Two months ago, I conducted a survey asking people whether or not they find it difficult to talk about thalassemia.
In the same study, I asked responders to share whether or not they feel it is difficult for the public to talk about thalassemia.
I also asked people to declare their ethnicity and relationship to the illness.
The results were fascinating to read.
I’m going to create two separate blog posts on all of the results.
This post will be a discussion on people’s personal ability to talk about thalassemia.
The following graphic details survey participant statistics.
I would like to ask that you provide encouraging words to those who are having a difficult time with thalassemia by sharing your thoughts in the comments below.
I was fortunate that a good range of ethnicities participated in the study. This is awesome because that means the study isn’t too biased toward any one nationality.
As you can see, 20% of people said “Yes, it is difficult to talk about thalassemia” and 80% said “No, it is not difficult to talk about thalassemia.
This is great news, because it means that more people than not live with acceptance of the illness.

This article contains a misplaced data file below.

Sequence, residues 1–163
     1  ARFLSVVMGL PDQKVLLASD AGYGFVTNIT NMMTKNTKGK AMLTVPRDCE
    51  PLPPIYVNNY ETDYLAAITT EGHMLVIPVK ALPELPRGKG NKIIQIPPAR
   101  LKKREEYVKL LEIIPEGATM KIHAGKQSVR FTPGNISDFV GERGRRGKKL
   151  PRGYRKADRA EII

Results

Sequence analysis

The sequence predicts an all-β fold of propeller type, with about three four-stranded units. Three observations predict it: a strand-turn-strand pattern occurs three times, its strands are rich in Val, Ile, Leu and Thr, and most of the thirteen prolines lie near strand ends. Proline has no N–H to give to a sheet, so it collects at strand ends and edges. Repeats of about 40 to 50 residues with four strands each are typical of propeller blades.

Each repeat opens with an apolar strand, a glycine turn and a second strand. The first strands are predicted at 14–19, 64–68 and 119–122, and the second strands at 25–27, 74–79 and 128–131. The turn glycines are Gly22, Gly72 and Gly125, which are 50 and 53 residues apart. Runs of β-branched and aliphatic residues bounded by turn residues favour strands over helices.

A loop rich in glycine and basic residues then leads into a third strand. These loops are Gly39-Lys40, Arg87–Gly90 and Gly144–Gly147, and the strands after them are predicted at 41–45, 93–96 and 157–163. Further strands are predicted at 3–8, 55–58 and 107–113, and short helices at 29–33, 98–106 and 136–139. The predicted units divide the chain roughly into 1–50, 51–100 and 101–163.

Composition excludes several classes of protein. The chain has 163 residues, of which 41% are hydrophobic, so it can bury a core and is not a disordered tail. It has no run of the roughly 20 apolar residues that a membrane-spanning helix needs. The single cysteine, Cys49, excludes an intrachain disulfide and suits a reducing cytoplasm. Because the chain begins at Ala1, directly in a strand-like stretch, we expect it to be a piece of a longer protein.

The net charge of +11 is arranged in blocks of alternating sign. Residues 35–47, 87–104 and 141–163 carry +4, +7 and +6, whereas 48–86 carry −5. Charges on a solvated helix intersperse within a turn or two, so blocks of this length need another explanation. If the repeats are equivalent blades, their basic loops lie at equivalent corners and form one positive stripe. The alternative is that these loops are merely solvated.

I think it’s important for people in the thalassemia community to read the variety of viewpoints expressed by responders. This will allow for greater understanding and compassion in the community.
I invite you to read the actual responses given by people from around the world, because I think their words are very encouraging and inspiring!
Read 10 pages of responses: why people DO NOT find it difficult to talk about thalassemia.
Read 3 pages of responses: why people DO find it difficult to talk about thalassemia.
I created a video that responds to those who expressed difficulties in their responses.
Please don’t forget to share your comments below and contact me at info (at) josephine (dot) bila for more information.
To freedom and respect for all,
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